this is because most people don't understand what a late-term abortion is for and the conditions under which it is performed.

several examples have been given in this thread. it is not used by mothers who simply forget they are pregnant or change their minds at 8 months.

but we'd like to think that women would do that. we need to think the worst of people to get ourselves emotionally roiled up.
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Old 04-19-2007, 11:51 AM   #97
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the term 'partial-birth abortion' means an abortion in which --

(A) the person performing the abortion deliberately and intentionally vaginally delivers a living fetus until, in the case of a head-first presentation, the entire fetal head is outside the body of the mother, or, in the case of breech presentation, any part of the fetal trunk past the navel is outside the body of the mother for the purpose of performing an overt act that the person knows will kill the partially delivered living fetus; and

(B) performs the overt act, other than completion of delivery, that kills the partially delivered living fetus

i cant believe this is even a procedure.
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Old 04-19-2007, 11:54 AM   #98
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I find it amusing that many railing against the "right wing" use of emotionally-driven arguments and wording are doing the exact same thing in expressing their viewpoint. This is a highly emotionally charged argument and most, if not all, people posting here are basing their views on this topic from an emotional standpoint.

First of all, to end the ridiculous argument over the name given the procedure by the differing political parties, let's call it by what the American Medical Association has termed it, intact dilation and evacuation, or IDX.

What exactly is involved in this procedure? The woman's cervix is dilated gradually, usually over a period of days. Occasionally drugs are used to induce labor. Using forceps, the doctor rotates the fetus to the breach position and pulls the fetus' legs, abdomen and arms, leaving only the head inside the womb. Then a small incision is made at the base of the skull in which a suction catheter is inserted to remove cerebral tissue.

Those are the cold facts of the procedure via
http://americanpregnancy.org/unplann...abortions.html
http://en.wikipedia.org/wiki/Intact_...ction#_note-10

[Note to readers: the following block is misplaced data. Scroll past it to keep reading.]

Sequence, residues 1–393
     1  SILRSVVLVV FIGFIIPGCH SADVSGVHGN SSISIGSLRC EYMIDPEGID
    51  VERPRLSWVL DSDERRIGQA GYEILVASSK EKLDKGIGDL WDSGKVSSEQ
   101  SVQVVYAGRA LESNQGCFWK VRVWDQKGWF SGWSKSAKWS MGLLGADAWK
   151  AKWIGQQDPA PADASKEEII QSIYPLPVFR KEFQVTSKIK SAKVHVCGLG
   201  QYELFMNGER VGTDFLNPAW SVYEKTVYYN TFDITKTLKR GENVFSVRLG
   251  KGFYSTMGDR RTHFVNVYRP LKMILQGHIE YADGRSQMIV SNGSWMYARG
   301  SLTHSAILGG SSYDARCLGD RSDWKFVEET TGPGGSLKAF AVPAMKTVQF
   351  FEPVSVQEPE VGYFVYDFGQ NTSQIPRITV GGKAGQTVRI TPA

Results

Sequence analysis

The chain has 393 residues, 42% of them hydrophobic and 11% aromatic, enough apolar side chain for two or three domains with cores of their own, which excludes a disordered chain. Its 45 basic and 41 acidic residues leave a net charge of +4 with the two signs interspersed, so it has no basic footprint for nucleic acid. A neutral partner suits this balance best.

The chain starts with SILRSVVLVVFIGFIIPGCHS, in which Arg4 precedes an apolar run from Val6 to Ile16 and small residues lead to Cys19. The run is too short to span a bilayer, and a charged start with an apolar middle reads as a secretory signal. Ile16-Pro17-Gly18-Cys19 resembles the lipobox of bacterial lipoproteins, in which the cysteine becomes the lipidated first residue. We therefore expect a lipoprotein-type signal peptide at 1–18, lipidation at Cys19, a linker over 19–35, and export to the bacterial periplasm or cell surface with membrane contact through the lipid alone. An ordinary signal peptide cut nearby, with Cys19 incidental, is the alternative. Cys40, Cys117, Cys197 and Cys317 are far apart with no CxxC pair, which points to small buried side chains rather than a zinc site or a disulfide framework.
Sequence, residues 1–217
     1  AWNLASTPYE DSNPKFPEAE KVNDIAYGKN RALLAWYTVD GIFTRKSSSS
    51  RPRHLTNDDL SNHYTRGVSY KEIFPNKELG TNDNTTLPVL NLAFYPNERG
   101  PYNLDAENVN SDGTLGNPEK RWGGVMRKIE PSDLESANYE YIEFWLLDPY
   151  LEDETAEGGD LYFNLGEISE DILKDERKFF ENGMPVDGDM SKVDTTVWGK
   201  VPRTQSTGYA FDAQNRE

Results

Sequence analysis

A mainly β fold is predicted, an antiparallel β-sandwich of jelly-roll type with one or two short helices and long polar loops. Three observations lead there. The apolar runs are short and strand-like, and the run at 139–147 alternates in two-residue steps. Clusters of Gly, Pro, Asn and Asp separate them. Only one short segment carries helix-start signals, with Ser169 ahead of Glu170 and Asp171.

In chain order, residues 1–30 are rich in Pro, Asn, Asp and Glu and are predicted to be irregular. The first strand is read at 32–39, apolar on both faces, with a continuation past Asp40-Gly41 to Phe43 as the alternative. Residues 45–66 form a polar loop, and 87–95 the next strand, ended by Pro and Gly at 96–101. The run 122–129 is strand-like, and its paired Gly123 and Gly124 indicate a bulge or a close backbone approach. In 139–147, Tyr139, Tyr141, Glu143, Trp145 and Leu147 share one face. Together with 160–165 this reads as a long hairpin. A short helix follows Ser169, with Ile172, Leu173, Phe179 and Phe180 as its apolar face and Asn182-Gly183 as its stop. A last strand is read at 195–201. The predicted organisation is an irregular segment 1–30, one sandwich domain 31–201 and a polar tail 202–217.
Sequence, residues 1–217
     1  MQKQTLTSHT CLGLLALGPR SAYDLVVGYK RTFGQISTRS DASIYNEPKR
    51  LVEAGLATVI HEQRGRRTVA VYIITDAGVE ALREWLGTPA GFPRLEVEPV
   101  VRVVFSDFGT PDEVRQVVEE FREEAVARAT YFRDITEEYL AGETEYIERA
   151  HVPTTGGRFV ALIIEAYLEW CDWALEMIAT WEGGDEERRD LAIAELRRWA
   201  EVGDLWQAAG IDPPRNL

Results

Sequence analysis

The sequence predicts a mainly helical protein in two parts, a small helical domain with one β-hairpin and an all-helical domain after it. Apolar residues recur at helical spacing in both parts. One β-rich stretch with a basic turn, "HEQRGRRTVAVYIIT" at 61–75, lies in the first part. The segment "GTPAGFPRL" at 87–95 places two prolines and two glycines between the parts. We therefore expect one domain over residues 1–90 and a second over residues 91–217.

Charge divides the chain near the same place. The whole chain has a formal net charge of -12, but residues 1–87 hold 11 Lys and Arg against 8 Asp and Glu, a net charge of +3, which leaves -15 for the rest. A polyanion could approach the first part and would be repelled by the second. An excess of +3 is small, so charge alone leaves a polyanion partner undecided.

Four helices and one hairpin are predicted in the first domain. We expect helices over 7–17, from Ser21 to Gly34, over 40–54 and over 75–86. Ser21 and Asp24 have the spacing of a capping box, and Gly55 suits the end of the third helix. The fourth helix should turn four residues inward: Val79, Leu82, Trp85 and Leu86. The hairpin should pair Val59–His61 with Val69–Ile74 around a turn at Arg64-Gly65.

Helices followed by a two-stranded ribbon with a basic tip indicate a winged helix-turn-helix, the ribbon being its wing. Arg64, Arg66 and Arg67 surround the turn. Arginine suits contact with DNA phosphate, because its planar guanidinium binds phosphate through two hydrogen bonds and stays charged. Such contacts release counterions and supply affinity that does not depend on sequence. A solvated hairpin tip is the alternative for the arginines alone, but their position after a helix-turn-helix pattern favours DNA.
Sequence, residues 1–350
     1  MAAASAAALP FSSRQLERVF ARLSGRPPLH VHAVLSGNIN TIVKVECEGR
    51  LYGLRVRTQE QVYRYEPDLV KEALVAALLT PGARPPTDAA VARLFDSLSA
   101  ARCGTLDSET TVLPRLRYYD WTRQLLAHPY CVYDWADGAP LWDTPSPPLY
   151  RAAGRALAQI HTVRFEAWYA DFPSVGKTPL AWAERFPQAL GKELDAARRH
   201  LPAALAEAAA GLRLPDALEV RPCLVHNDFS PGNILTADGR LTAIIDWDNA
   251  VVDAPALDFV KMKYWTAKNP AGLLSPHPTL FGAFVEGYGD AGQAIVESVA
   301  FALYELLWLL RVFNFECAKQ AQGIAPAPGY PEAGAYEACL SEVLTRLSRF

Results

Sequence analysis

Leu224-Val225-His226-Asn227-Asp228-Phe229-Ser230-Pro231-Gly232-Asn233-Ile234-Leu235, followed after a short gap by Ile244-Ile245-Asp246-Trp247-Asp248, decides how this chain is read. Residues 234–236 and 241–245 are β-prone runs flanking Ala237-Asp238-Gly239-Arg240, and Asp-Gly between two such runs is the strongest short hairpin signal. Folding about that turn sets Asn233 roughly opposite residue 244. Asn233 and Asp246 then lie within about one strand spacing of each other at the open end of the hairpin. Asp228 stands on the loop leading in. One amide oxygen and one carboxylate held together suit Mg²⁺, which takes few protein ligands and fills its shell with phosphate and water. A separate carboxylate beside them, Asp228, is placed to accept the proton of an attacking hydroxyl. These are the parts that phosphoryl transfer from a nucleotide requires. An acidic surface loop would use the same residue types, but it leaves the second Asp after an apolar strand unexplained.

But I think anyone considering this topic should read the testimony of nurse Brenda Schafer, who assisted Dr. Martin Haskell in an IDX procedure. Her testimony is found here: http://judiciary.house.gov/legacy/215.htm

Here is a portion of it:

"Dr. Haskell brought the ultrasound in and hooked it up so that he could see the baby. On the ultrasound screen, I could see the heart beating. As Dr. Haskell watched the baby on the ultrasound screen, the baby's heartbeat was clearly visible on the ultrasound screen.

Dr. Haskell went in with forceps and grabbed the baby's legs and pulled them down into the birth canal. Then he delivered the baby's body and the arms-- everything but the head. The doctor kept the baby's head just inside the uterus.

The baby's little fingers were clasping and unclasping, and his feet were kicking. Then the doctor stuck the scissors through the back of his head, and the baby's arms jerked out in a flinch, a startle reaction, like a baby does when he thinks that he might fall.

The doctor opened up the scissors, stuck a high-powered suction tube into the opening and sucked the baby's brains out. Now the baby was completely limp."

To me, this sounds utterly barbaric. I don't know of anyone that would consider this a humane way to kill an animal, much less a human fetus, which evidently still feels pain.

I researched this topic extensively several years ago, and I don't have the time at the moment to find all my sources (but I will as soon as I can), but basically in my findings I discovered that there is no evidence that this procedure is medically necessary for either the fetus or the mother and that